Black Friday is about to become a victim of the retail apocalypse
Black Friday is dying in the age of Amazon.
"I think the traditionalists will have a hard time stomaching that," Josh Elman, a consumer and retail analyst with Nasdaq Advisory Services, told Business Insider. "But I think at the end of the day ... the whole idea and concept of Black Friday deals in store will diminish over time."
He continued: "Ultimately, consumers really want convenience and they want to get their item and get out of the store quickly. They don't want to wait in long lines, they don't want to wait for a store to open anymore."
According to National Retail Federation data, 99 million people said they shopped in stores on Thanksgiving weekend last year — a drop of three million from the year before. According to Elman, the number of people hustling to the stores for deals is only going to fall further this year.
Meanwhile, 108 million people shopped online on Thanksgiving weekend in 2016 — a five million increase from the year before.
Beyond the shift to e-commerce over in-store purchases, Elman says that people are getting used to deals all year round. Retailers have trained shoppers to only buy items on sale, according to experts.
In other words, there's no longer a single day — the day after Thanksgiving, or November 24 this year — that retailers all offer incredible deals. These deals are spread out throughout the holiday season and the rest of the year. And, they now appear both online and in stores.
"The whole idea of Black Friday and Cyber Monday ... is becoming less relevant as the consumer is generally accustomed to great deals, or at least getting a deal," Elman said. "While it still is very important in the grand scheme of things, I do think retailers have been adjusting."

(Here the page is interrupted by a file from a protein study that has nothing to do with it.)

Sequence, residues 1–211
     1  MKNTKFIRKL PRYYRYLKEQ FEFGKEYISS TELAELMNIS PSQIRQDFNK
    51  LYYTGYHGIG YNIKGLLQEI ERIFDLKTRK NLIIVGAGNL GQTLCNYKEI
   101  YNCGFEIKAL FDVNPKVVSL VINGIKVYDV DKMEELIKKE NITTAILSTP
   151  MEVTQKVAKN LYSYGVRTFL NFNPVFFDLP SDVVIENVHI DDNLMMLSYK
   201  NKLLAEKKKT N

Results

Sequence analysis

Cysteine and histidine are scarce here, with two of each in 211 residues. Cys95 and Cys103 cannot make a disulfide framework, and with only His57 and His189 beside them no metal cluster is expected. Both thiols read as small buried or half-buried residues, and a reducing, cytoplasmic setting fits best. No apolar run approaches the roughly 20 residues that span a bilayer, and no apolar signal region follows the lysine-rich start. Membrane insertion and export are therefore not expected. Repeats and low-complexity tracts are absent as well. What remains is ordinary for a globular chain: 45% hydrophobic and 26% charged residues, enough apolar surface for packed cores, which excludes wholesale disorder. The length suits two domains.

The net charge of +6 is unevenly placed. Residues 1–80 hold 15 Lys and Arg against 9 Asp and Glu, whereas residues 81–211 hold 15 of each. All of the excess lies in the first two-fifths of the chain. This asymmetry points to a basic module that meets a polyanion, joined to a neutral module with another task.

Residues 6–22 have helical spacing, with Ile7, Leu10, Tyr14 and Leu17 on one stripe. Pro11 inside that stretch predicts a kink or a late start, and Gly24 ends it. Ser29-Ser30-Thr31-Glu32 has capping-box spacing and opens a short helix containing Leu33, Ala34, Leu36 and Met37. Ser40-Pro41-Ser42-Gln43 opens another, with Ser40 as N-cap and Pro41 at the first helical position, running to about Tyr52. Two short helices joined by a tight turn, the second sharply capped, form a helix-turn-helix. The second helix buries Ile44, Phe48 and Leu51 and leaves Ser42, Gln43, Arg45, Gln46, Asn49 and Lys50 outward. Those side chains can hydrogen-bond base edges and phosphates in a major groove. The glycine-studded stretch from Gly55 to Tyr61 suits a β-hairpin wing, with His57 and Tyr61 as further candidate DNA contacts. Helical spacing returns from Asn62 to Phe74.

Black Friday still helps to officially kick off a crucial period for retailers. But, Elman says, the holiday season start date is inching earlier and earlier, as companies desperate to survive the "retail apocalypse" look for an edge.
Things like offering Black Friday-esque sales before Thanksgiving can help retailers boost business compared to rivals. But, it also dilutes the importance of Black Friday as a single day for destination shopping.
"It's a little sad. But it's just a sign of the times," Elman said. "It's really the paradigm shift that's occurring. I think retailers understand what's transpiring, and ultimately are doing everything in their power to meet customers' needs."
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